I HAVEN’T been a fan of all of the Treasury select committee’s recent outings. There have been some excellent moments and some dire ones. But Andrew Tyrie, the body’s chairman, did a great job yesterday. He pointed out that the removal of Bob Diamond raises serious questions about whether regulators should be given such arbitrary powers over the boards of private firms.
Clearly, Barclays and others behaved appallingly during the Libor scandal. The point here is not whether it was right or wrong for Diamond to be forced out – but whether the way it was done was right, behind closed doors, with no due process, no right of appeal and in somewhat strange and opaque circumstances. Diamond wasn’t even pushed out until many days after the scandal broke.
So Tyrie was right to highlight the risk of arbitrary power being exercised. It now appears that the management – and in fact the very existence – of any “private” bank is now entirely dependent on being on the good side of the regulators. But the power to strike somebody off or to remove a banking licence is an extreme one. Like everything else, it requires checks and balances.
Many will disagree, favouring a return to the old ways when officials would restore order in the City by taking secret decisions in smoke-filled rooms. The governor was trusted to act wisely and fairly, and widely respected as someone of natural authority with an intimate knowledge of the City. The 1970s secondary banking crisis was dealt with in this way. Old City hands – in insurance as well as banking – readily recount how the Bank of England or other regulators used to act.
CEOs were summoned for a quiet chat or telephoned. One erstwhile bank chief told me how a senior Bank of England official asked him round to Threadneedle Street to inform him that he wasn’t comfortable with a proposed course of action. When my contact asked for an explanation, the official expressed surprise that he hadn’t been heard correctly the first time. The Bank of England also took drastic action when Midland Bank made a loss in the early 1990s, engineering a management change. John Redwood, the Tory MP, openly recalls how he acted behind the scenes when he was a minister in charge of regulating insurers.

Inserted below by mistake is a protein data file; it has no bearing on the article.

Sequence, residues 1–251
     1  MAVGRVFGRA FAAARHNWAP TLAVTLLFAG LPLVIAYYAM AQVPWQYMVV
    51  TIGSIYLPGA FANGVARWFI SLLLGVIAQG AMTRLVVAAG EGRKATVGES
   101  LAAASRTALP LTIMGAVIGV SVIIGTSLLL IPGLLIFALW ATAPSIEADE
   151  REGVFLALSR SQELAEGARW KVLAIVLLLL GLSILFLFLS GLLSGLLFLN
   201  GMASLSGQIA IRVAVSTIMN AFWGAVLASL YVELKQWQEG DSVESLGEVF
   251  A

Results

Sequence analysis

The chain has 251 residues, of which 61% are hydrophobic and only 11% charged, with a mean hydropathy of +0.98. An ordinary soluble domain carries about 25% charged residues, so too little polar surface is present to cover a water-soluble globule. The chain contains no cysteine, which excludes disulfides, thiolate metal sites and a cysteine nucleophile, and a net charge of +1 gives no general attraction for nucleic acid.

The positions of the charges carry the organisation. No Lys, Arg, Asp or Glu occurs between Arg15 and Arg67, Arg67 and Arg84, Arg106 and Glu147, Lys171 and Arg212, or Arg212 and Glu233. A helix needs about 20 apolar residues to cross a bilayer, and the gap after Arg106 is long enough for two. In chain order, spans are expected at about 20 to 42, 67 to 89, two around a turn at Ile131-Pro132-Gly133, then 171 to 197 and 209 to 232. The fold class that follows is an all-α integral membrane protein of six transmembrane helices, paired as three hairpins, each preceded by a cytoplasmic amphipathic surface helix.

Yet we can’t have it both ways. We can’t have an open and transparent regulatory body that is also still allowed to behave in the clubby ways of yore whenever it chooses. It must be one regulatory system or the other – and in today’s globalised world, we must choose openness and accountability. There are no Platonic philosopher kings – and certainly no economist kings. Somebody needs to guard the guardians.
INFLATION FALLS AT LAST
Yesterday’s fall in inflation was the first piece of good news for the beleaguered George Osborne in many months. The consumer price index rose by only 2.4 per cent over the past year, a great relief and a lucky escape for the Bank of England, thanks in part to falling oil prices. The retail price index (RPI) measure increased by 2.8 per cent.
But before celebrating we must remember, as PwC’s Andrew Sentance points out, that inflation has been below target for just 12 months out of the past seven years. Chris Williamson of Markit reminds us that real average pay is still falling – but the present one per cent per annum drop (on the RPI measure) is the lowest rate of decline since November 2009 and compares to a peak of 3.9 per cent in September 2011. We should be thankful for small mercies.